DeSean Jackson: If Holdout Ends Monday Eagles Will Have a Tough Decision
Jackson and his agent, Drew Rosenhaus, have been pretty quiet about the ordeal. Perhaps Rosenhaus learned a few things from the Terrell Owens debacle back in 2005. Owens hired Rosenhaus after he thought he outperformed his contract. With a new agent on board Owens let everyone know how he felt by holding a press conference at his house and doing sit-ups in his driveway among other things.
The Eagles didn't blink and when Owens continued to create distractions he was dismissed from the team after seven games.
The Eagles can't be too happy about Jackson holding out this long, but at least it has not escalated into a situation similar to T.O. And if Jackson does report on Monday he would be giving in and playing by the Eagles' rules, which are simple: They don't negotiate with holdouts.
In defense of the Eagles, it makes sense to have this policy. You can't let players use a holdout as leverage to get what they want when they're not happy. It sets a bad precedent and would result in players like LeSean McCoy and Jeremy Maclin possibly holding out next year.
Due Jackson's camp being quiet no one is sure what the three-year pro and two-time Pro Bowler will want. The speculation is Jackson will seek something similar to Santonio Holmes' five-year $50 million deal, which includes $24 million guaranteed or Sidney Rice's five-year $41 million contract, which includes $18.5 million in guaranteed money.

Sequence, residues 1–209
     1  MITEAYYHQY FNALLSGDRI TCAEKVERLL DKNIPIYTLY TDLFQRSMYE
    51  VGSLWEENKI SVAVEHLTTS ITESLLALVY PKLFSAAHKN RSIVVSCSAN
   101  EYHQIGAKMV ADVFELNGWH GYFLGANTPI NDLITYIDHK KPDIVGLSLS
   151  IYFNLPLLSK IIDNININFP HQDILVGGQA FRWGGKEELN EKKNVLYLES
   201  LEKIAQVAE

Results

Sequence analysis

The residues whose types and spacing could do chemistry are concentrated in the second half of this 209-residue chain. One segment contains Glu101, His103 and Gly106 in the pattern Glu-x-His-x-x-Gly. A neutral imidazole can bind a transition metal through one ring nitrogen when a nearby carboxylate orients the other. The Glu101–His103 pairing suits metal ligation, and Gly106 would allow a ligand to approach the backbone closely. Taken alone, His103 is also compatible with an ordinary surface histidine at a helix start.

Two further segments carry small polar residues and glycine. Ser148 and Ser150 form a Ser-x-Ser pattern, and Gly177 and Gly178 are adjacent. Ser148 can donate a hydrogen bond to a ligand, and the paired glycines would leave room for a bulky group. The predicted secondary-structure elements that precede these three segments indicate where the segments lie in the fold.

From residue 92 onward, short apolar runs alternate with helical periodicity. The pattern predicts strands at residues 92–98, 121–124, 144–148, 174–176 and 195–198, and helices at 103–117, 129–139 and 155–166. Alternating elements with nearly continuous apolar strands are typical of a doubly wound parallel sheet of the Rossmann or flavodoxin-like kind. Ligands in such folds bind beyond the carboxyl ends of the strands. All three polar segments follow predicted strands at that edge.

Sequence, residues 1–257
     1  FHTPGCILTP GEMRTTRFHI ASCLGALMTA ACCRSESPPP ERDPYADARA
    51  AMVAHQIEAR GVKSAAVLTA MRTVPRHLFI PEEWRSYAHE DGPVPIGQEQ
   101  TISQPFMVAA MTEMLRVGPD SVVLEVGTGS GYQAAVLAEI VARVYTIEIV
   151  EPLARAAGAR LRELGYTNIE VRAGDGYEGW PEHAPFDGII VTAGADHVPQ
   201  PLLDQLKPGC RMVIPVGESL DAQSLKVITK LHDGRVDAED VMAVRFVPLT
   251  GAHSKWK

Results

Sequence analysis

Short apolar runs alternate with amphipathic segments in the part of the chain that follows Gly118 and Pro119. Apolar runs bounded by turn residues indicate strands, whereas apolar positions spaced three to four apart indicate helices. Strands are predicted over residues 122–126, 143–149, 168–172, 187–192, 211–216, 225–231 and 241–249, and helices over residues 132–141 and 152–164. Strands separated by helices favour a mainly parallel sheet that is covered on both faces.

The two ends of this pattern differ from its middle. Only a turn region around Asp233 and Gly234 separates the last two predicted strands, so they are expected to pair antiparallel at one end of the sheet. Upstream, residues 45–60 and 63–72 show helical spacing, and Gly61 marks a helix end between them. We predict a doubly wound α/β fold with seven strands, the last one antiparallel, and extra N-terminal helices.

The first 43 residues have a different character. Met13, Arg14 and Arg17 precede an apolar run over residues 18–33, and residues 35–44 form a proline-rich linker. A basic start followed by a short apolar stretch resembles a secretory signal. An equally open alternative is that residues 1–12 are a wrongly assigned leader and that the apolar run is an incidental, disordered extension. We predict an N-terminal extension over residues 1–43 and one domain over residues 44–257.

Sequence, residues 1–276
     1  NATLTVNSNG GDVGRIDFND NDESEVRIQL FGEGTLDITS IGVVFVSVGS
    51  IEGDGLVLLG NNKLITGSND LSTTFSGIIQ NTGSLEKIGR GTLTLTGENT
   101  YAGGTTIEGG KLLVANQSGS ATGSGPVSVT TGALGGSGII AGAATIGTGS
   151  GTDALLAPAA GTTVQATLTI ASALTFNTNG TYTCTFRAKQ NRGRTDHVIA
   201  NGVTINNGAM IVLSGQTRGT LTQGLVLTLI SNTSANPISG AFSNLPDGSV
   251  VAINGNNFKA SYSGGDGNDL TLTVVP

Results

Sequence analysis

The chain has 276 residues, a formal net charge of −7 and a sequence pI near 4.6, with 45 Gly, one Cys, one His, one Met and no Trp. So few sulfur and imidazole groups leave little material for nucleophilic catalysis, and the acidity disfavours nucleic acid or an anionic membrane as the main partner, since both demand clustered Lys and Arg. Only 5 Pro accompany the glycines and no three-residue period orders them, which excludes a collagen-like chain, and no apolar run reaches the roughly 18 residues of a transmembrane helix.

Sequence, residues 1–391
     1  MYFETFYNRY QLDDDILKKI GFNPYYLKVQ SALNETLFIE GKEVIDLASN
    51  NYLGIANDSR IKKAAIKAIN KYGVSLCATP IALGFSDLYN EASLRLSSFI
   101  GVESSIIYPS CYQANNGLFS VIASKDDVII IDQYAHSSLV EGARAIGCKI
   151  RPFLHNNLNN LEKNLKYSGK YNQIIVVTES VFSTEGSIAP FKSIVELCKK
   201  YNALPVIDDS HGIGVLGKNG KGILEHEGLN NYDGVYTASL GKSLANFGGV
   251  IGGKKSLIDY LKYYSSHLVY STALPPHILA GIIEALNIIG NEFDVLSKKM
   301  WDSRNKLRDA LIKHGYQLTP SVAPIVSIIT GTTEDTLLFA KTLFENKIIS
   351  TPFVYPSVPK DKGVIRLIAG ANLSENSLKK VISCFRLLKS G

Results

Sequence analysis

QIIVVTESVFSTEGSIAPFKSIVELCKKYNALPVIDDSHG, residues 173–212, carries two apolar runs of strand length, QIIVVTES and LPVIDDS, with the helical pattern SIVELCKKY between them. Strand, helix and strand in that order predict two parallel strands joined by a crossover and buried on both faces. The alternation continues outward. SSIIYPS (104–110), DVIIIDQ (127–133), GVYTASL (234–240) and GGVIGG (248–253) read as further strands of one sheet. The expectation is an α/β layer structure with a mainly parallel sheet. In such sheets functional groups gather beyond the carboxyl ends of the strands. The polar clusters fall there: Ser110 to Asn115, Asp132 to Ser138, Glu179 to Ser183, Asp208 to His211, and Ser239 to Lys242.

But for all we know Jackson may want more because those two players have played a combined nine years and only earned one invite to the Pro Bowl between both of them.
That's where things will get incredibly interesting.
If Jackson asks for more than Holmes and Rice he will actually pick up a bigger contract than Arizona's Larry Fitzgerald, who is regarded by many as the game's best wide receiver in the NFL. Fitzgerald is currently working under a four-year contract worth $40 million, including $30 million guaranteed. He is scheduled to become a free agent in 2012.
Regardless of what Jackson wants, the Eagles do need to cough it up and get this guy paid more than $565,000 in 2011. And that says a lot coming from someone who is not the biggest Jackson fan.
He doesn't have the stats of someone like Fitzgerald. In his first three years he has hauled in 62, 63 and 47 passes and his touchdown totals stand at four, 12 and eight.
Obviously people think of his as being a huge playmaker and that is supporter by his league-leading 22.5 yards per catch. But his return totals have dropped going from 50 returns as a rookie down to 29 and 20 over the last two years.
If the Eagles do pay him like a big-time receiver you don't want to risk him getting hurt as a returner, which ultimately takes away from his value.
And then the Eagles have to factor in his health. In three years he has missed three games and by way of concussions.
Hopefully Jeff McLane has another report next week explaining how the Eagles and Jackson came to terms on a long-term deal.
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